Let us now look at the main problems caused by the excessive or incorrect use of these devices.

Tinnitus: In a report published in Scientific Reports, scientists found that over half of the participants of a study, who were students of ages 11 to 17, reported tinnitus and half of those noticed the tinnitus after listening to music at a high volume. The report also brings to light the amount of background sounds youth experience. Be it loud restaurants, noisy outdoor sports, or parties — young people expose their ears to loud sounds everywhere, and if they turn up the volume on their earbuds to drown out the background, they risk permanent hearing loss.

Numbness of the ears: People who use earphones, headphones and other devices for listening to loud music for longer periods tend to feel numbness in ears. In this situation the hearings ability of them gets numb temporarily. This can be harmful and cause deafness.

Ear infections: Sharing of earphone and music player devices can cause ear infections. The bacteria from ears of the users can easily be transmitted via headphones.

Sensation of pain in ears: Excessive use of earphones and headphones can also lead to strange buzzing sound inside the ears or a sharp pain in a specific point of the ear.

Harmful effects on the brain: Though there is no reasonable medical evidence yet, it is observed that people who frequently use Bluetooth, headphones and earphones are more prone to brain related issues.

Accidents: When outside sounds are blocked by the music being listened to on earphones or headphones, both drivers and pedestrians are more prone to accidents.

What to look for in a good headphone

Though not everything that is expensive is good, in the case of headphone/earphones, price matters. Most high-end headphones have had rigorous testing done and adhere to stiff regulations and standards. The problem with low-cost options is that in order to hear the finer details of the sound you have to turn up the volume, which can eventually lead to noise-induced hearing loss.

When buying headphones, check out these things:

Comfort: Make sure that the earphones or headphones fit comfortable otherwise you may end up needing to turn up the volume.

Audio quality: The better the audio quality the more you’ll enjoy them and you will also not need to turn up the volume.

Intended use: Your choice of headphone should match the intended use — whether you are using them on-the-go, at home or in a noisy place.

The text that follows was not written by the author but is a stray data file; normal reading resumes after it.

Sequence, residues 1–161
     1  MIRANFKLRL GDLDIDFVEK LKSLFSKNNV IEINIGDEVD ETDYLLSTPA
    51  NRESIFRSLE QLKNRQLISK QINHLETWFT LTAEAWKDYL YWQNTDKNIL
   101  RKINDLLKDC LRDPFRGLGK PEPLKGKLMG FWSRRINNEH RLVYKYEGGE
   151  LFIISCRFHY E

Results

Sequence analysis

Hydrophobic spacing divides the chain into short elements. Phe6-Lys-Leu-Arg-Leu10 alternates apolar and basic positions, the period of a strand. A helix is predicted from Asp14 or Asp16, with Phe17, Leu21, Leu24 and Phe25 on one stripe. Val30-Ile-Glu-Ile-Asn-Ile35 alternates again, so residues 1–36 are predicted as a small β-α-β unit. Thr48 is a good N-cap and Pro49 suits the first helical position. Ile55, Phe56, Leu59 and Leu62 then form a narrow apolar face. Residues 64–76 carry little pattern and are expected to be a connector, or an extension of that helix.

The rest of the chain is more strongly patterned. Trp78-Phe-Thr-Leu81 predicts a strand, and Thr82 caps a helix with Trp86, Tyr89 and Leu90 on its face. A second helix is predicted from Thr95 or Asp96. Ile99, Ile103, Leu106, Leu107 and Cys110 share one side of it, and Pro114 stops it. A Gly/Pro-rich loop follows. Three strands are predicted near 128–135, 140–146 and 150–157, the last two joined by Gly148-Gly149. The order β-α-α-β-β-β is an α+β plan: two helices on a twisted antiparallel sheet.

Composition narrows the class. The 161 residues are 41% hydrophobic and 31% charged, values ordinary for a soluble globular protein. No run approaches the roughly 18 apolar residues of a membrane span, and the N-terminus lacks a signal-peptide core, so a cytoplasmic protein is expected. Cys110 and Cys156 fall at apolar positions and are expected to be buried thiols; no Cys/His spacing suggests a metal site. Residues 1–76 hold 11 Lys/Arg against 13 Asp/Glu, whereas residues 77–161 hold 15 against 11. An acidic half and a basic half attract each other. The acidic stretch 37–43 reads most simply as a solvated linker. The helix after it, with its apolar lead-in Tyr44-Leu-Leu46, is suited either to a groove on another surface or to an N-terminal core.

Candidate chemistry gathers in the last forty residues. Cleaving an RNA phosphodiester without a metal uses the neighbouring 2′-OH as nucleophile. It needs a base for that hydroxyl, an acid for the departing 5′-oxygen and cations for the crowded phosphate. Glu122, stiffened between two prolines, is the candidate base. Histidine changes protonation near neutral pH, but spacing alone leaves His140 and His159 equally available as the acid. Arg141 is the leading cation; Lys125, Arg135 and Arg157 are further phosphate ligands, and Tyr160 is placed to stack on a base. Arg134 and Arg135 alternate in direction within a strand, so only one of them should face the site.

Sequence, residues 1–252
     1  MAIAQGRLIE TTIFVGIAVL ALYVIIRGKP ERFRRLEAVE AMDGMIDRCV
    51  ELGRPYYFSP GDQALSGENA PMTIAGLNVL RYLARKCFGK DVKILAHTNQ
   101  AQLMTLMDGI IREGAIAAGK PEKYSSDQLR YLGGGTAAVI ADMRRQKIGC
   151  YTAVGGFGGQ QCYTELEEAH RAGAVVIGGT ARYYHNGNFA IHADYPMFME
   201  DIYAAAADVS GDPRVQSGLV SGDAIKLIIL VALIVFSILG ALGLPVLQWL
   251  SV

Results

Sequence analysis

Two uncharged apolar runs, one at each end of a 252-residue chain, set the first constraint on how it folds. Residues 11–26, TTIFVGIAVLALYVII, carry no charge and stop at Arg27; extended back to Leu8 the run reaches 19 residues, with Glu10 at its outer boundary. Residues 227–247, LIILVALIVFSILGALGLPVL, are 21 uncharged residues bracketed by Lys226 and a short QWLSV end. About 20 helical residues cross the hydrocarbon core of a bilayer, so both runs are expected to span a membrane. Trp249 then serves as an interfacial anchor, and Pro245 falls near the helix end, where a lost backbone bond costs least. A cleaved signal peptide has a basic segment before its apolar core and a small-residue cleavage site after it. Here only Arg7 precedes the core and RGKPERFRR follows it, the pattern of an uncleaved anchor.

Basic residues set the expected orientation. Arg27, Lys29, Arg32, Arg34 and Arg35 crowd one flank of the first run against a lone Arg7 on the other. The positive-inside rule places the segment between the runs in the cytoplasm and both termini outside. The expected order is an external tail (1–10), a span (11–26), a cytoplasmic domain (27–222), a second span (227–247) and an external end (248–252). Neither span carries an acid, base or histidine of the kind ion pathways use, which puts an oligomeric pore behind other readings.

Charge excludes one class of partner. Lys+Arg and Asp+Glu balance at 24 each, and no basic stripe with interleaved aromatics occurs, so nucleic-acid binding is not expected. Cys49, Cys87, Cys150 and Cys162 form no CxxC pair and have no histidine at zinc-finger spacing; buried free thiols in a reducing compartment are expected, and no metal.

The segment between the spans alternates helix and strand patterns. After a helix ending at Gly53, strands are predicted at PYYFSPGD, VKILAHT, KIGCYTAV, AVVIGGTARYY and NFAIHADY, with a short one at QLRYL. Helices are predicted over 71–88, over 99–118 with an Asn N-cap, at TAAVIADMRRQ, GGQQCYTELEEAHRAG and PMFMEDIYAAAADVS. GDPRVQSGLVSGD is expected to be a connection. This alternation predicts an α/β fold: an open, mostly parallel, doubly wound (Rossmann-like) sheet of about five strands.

Tips to prevent damage to your ears

• Do not share your headphones. Sharing or borrowing headphones can transfer someone else’s bacteria to your ears, or vice versa. This can cause harmful ear infections.

• Always sanitise headphones by cleaning them with a tissue paper and then plugging them in.

• Change your sponge or rubber cover every two months because they get covered with bacteria over time. It is necessary to keep changing the covers to maintain hygiene.

• Follow the 60/60 rule — no more than 60 minutes of listening at a time, and no higher than 60 percent of maximum volume.

• Take breaks from listening to music, and never fall asleep while listening to music through earbuds.

• Avoid using stylish, small earphones which go straight into your ear canal. Go for bigger ones.

• Purchase high quality headphones as they will block more of the environmental noise, thus allowing the user to reduce the volume and still hear the music comfortably.

• Avoid using earphone or headphones every day, give your ears some rest.

Types of headphones and their effects

Open headphones: These prevent the volume from being too loud by using perforated ear cups which allow some sound to escape. But this in turn means that the user will be able to hear surrounding sounds and so turn up the volume in very noisy environments.

Closed headphones: These have good external sound isolation and thus one can control the volume level a lot better.

In-ear headphones

In-ear headphones or very good in external sound isolation so one is less likely to increase the volume. But incorrect usage, such as high volume, can cause major damage to the ears.

Published in Dawn, Young World, December 15th, 2018